Each pile of stones in the Bible tells a story of God’s redemptive work. In his book Come Home, Pastor Don MacLafferty calls our attention to the significance of these altars, these “piles of stones.”
The first altar mentioned in the Bible was Noah’s, built after the flood to make a burnt offering to God (Genesis 8:20). It served as a reminder of both God’s redemptive act and His promise for the future.
In Genesis 12 God called Abram from his home in the land of the Chaldees. After a sojourn in Egypt, we find that “Abram moved his tent and went and dwelt by the terebinth trees of Mamre, which are in Hebron, and built an altar there to the Lord” (Genesis 13:18). This altar was an ongoing reminder of God’s covenant with Abram that to make him the father of many nations.
Later, in Genesis 22 we find the story of Abraham taking his son Isaac to the mountain. There he builds an altar and prepares to offer his own son upon it. Instead, God provides a lamb for the sacrifice. What a powerful memory and lesson that “pile of stones” had for Abraham, for Isaac and for all of their descendants!
In Genesis 31:43-55 a “pile of stones” is built as a memorial to the settling of a dispute between Laban and Jacob. “And they took stones and made a heap, and they ate there on the heap… and Laban said, ‘This heap is a witness between you and me this day.’ Therefore, its name was called Galeed, also Mizpah, because he said, May the Lord watch between you and me when we are absent one from another.”
During the Exodus, following the giving of the ten commandments, the Lord told Moses, “An altar of earth you shall make for Me and you shall sacrifice on it burnt offerings and your peace offerings, your sheep and your oxen. In every place where I record My name I will come to you, and I will bless you” (Exodus 20:24-25).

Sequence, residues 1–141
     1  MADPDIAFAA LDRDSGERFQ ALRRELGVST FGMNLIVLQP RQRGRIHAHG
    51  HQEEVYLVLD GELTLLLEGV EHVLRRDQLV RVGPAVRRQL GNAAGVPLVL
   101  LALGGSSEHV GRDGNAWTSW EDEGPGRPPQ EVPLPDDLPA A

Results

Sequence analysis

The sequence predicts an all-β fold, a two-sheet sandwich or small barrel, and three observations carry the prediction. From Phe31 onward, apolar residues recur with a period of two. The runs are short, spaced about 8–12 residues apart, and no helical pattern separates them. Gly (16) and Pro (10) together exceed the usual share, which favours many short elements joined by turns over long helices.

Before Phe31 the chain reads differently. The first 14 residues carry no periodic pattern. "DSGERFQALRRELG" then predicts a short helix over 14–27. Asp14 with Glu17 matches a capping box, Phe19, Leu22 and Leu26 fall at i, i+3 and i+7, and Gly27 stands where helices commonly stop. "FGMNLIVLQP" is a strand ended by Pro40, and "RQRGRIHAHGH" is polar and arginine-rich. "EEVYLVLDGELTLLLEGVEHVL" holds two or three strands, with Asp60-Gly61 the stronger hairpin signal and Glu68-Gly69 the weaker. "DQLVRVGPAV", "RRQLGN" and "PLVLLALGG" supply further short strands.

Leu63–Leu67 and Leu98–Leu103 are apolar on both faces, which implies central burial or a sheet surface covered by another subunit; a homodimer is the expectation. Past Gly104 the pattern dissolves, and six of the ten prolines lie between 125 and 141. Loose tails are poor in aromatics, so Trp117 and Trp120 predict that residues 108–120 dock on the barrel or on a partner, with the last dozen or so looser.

When Joshua led the children of Israel to cross over the Jordan River, the waters were cut off, allowing them to cross over on dry land. The whole procession crossed over while the ark of the covenant remained in the middle of the river. Then each tribe took a stone from the riverbed and placed it on the shore on the west side. This altar to the Lord would be a memorial to the children of Israel forever (Joshua 4:7). “That all the peoples of the earth may know the hand of the Lord, that it is mighty, that you may fear the Lord your God forever” (Joshua 4:24).
In Don MacLafferty’s book, Come Home, in the chapter “River Stones,” he suggests we make a special place in our homes for a symbolic altar, a place of remembrance, a statement of our trust in the Lord.
We too can have “piles of stones,” whether they are actual stones or other special items that remind us of how God has worked in our lives in the past.
Personally, I have decided to gather real stones. I believe the stones I am gathering proclaim for me and my family "here I raise my Ebenezer - hither by thy help I've come."
My grandson even made a video of our collected stones, explaining each of their meanings to us. The video has provided wonderful opportunities to share God’s faithfulness with others.
Call to Action
Why not display our “piles of stones” openly in our homes so that friends and visitors can ask about their meaning? What an opportunity to talk about God’s work in our lives!
As our lives reflect our allegiance to God, so may these simple objects in our homes also be memories and testimonies of His goodness and grace!
All scripture taken from the New King James Version®. Copyright © 1982 by Thomas Nelson. Used by permission. All rights reserved.